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Ultrafast Atom Transfer Chemistry inside Nanocontainers

Chemistry driven by emergent host-guest charge transfer (CT) excitations in water.

Chemistry driven by emergent host-guest charge transfer (CT) excitations in water.

Photosynthesis is a process by which light energy is converted into chemical potential and stored in the chemical bonds in form of carbohydrates. The complex light triggered events that drive photosynthesis primary takes place in the confines of the membrane and inside large protein complexes. Confining synthetic organic photochemistry inside water-soluble molecular hosts underscores a biomimetic approach towards artificial photosynthesis. Organic transformations using light classically make use of diffusion based interactions or kinetics which occurs in nanoseconds to microseconds, thereby ensuring that some part of photon's energy is wasted via relaxation processes. If bond making or breaking can be performed within few picoseconds of optical excitation, then most of the photon energy can be utilized efficiently for chemical transformations. Previously ultrafast electron transfer and proton transfer reactions independently have been demonstrated by researchers in many artificial molecular systems however ultrafast atom transfer chemistry has been very rare.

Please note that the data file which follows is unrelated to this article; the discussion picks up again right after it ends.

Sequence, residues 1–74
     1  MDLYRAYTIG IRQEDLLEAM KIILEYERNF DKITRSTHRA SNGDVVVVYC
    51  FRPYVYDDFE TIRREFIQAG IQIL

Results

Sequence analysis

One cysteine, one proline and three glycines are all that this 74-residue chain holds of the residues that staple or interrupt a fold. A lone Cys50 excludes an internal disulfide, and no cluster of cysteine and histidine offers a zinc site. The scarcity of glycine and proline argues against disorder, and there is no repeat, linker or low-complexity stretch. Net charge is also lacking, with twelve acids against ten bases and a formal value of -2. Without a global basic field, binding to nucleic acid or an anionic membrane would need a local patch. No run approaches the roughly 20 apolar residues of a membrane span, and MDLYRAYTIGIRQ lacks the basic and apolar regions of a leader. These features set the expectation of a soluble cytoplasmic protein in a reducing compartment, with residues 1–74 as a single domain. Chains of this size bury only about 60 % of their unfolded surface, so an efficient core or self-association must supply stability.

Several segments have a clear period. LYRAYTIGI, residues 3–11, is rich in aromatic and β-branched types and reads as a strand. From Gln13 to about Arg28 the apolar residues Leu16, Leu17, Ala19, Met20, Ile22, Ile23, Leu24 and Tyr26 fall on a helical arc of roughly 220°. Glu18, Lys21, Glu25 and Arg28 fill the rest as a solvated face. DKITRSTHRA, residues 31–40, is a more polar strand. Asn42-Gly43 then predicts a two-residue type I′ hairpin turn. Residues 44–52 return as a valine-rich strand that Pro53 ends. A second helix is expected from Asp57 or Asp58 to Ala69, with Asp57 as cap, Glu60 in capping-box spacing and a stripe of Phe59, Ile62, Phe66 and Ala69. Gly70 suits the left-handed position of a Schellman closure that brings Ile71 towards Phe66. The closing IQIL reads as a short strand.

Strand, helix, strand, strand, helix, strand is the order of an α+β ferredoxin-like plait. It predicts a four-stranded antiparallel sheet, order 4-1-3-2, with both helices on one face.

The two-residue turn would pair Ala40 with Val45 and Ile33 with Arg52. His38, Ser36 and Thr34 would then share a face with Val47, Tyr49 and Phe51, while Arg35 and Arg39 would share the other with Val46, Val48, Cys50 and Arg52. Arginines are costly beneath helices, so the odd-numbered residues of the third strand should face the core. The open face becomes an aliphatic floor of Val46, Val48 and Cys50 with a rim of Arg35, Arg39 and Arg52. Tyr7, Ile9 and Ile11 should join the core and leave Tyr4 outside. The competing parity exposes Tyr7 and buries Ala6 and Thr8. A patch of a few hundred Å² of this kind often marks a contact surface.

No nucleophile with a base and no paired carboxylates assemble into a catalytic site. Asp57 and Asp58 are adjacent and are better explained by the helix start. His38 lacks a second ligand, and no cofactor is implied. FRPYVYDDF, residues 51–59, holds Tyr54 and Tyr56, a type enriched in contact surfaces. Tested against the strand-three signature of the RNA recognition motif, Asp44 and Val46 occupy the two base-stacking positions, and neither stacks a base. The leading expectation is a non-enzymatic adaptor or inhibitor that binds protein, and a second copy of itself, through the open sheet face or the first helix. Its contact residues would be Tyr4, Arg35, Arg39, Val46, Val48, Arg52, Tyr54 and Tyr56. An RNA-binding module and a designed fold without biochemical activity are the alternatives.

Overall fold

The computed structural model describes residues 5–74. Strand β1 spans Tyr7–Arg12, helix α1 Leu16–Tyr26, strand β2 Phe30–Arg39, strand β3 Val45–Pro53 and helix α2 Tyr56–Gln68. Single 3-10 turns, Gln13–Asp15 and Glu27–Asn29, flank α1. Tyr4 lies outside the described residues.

At TIFR, we have now demonstrated for the first time that emergent host-guest charge transfer (CT) states can be directly used to trigger photoreactions inside molecular nanocages. Upon incarceration of a complementary electron donor host to the acceptor molecular cage, we generate an emergent host - guest CT optical band usually in the visible part of the electromagnetic spectrum. Optical excitation of the CT band can chemically couple the electron (e-) and proton (H+) transfer events such that an H-atom (H+ + e-) is formally abstracted.

As shown above in the schematic, we choose a well-known water soluble Pd6L4-nanocage for generating optical CT bands by incarcerating electron-rich donor amine (-NH functionality) molecules. We show that using the bulk solvent water interaction, one can control the timescale of hydrogen atom abstraction which occurs in ~900 fs timescale (fastest H-atom chemistry) from a trapped 4-hydroxy-diphenylamine molecule through a stepwise proton-coupled electron transfer (PCET) process. Our work illustrates that optical host�guest CT excitations can drive solvent-coupled ultrafast H-abstraction reactions inside nanocages, and if optimally tuned should provide a novel paradigm for visible-light mediated photocatalysis.

For more details see: Gera et al. J. Am. Chem. Soc., Volume 136, Issue 45, Pages: 15909 - 15912

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